For liberals, one of the most stinging attacks by opponents of Planned Parenthood is that its founder, Margaret Sanger, was a eugenicist. And the accusation is… kind of true. But, as Sanger’s grandson, Alexander Sanger, wrote in a 2007 paper for Hypatia, understanding what that means requires acknowledging just how mainstream eugenics was in Sanger’s time.
He notes that the attendees of the First International Eugenics Congress in London in 1912 included Alexander Graham Bell and Winston Churchill. Some truly horrifying practices were part of the public conversation at that time. In the late nineteenth century, the physician Henry Clay Sharp conducted experiments at an Indiana prison, sterilizing inmates he diagnosed as “chronic masturbators” and even castrating some of them. These experiments were illegal at the time, but Sharp publicly advocated for the value of his methods, and in 1907, Indiana became the first of thirty states to allow compulsory sterilization of “confirmed criminals, idiots, rapists, and imbeciles.” The idea was to prevent “degenerates” from reproducing their own kind. Meanwhile, almost half the states prohibited marriages between “imbeciles, epileptics, paupers, drunkards” and anyone else considered unfit.
Margaret Sanger and other feminists and social reformers adopted similar language to argue against involuntary motherhood, suggesting that unwanted children were likely to be morally or physically defective. But, unlike Sharp, Sanger’s message centered on individuals’ choices about their fertility. She said that “women are natural eugenicists”—that is, they want to have children under conditions that will allow them to grow up healthy.
Eugenicist reasoning was also an important force driving opposition to birth control in Sanger’s time. In 1905, President Theodore Roosevelt decried the trend of elite, educated white women having fewer children as “race suicide.”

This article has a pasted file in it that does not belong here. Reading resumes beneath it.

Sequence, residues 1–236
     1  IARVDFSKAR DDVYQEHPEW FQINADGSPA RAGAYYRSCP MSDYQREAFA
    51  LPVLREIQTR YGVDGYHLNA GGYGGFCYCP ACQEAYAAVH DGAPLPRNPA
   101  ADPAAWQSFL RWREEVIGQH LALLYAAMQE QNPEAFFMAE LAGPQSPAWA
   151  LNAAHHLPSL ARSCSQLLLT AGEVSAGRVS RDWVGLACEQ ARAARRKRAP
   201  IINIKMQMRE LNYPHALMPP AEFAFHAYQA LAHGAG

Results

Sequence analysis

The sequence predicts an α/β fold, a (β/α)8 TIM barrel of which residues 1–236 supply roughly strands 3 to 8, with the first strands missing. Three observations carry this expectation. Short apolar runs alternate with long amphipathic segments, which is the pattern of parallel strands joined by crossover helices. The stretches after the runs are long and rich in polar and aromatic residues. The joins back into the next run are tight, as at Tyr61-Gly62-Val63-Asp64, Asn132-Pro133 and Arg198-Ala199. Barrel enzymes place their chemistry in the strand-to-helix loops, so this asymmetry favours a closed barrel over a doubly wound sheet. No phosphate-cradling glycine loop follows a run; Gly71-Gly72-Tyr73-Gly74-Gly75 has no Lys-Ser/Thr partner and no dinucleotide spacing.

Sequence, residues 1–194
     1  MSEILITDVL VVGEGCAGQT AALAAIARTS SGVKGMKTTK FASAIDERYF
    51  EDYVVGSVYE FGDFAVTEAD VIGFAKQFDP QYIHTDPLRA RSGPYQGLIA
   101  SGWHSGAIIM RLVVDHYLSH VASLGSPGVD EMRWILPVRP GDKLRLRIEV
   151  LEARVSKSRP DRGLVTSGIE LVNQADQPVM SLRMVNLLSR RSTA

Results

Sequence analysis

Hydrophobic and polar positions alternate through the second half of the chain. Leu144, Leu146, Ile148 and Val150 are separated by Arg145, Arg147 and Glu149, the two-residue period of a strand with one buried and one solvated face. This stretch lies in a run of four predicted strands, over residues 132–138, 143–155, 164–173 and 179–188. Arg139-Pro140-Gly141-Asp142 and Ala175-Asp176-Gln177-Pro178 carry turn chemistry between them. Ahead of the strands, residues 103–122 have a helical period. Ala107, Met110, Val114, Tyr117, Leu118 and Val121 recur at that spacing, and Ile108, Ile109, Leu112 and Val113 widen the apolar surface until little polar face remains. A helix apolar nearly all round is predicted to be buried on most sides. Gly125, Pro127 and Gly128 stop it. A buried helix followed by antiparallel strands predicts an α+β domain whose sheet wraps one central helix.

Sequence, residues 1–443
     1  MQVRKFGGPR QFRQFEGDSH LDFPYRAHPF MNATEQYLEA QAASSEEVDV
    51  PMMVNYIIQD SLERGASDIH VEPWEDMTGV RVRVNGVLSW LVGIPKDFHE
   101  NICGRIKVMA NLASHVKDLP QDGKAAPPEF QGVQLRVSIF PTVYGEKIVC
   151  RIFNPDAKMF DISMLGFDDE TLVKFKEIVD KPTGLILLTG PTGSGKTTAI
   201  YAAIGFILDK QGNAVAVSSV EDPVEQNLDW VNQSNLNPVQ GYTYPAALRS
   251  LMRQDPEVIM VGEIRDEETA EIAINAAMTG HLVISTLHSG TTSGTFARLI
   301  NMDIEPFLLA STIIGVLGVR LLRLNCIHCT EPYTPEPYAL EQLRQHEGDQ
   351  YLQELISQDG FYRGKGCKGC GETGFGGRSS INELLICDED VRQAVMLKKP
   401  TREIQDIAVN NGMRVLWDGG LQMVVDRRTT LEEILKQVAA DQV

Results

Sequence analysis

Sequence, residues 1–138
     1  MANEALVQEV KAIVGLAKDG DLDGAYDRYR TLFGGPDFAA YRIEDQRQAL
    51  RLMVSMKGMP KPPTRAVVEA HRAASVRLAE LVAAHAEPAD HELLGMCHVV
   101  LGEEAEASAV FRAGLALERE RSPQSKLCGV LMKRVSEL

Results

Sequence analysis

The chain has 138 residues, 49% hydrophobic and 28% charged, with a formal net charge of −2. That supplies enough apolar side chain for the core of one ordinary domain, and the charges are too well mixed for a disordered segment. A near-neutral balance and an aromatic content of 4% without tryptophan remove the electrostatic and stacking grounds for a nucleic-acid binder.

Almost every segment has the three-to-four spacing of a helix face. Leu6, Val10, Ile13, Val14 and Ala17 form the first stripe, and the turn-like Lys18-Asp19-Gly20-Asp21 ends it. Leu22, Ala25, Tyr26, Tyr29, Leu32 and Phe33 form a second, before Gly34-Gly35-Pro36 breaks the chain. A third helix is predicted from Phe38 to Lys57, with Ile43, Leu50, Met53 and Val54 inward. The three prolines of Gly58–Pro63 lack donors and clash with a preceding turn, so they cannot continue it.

Alexander Sanger notes that his grandmother would not have been considered “fit” herself by eugenicists of her day. She was a poor Irish Catholic woman with inherited diseases and a criminal record stemming from her labor organizing efforts. As a political radical, she placed the blame for the deep poverty she saw around her on the capitalist system, not poor people’s inherent defects. Yet she also believed that if women could limit the number of children they had, they could improve their quality of life.
Some of Margaret Sanger’s arguments are truly horrifying to a modern reader. She wrote that the insane and “the undeniably feeble-minded” should be prevented from reproducing. Discussing overpopulation, she described “hordes of people… who have done absolutely nothing to advance the race an iota…. Such human weeds clog up the path, drain the energies and the resources of this little earth.”
But if these are the parts of Sanger’s belief system that make us cringe today, they were the kinds of sentiments that helped her reach a broader audience in her own time. Alexander Sanger points out that in the early twentieth century, birth control was a subject for radical, feminist lawbreakers. Linking voluntary parenthood with eugenics—a “scientific,” respectable notion—was a way to bring it into the mainstream.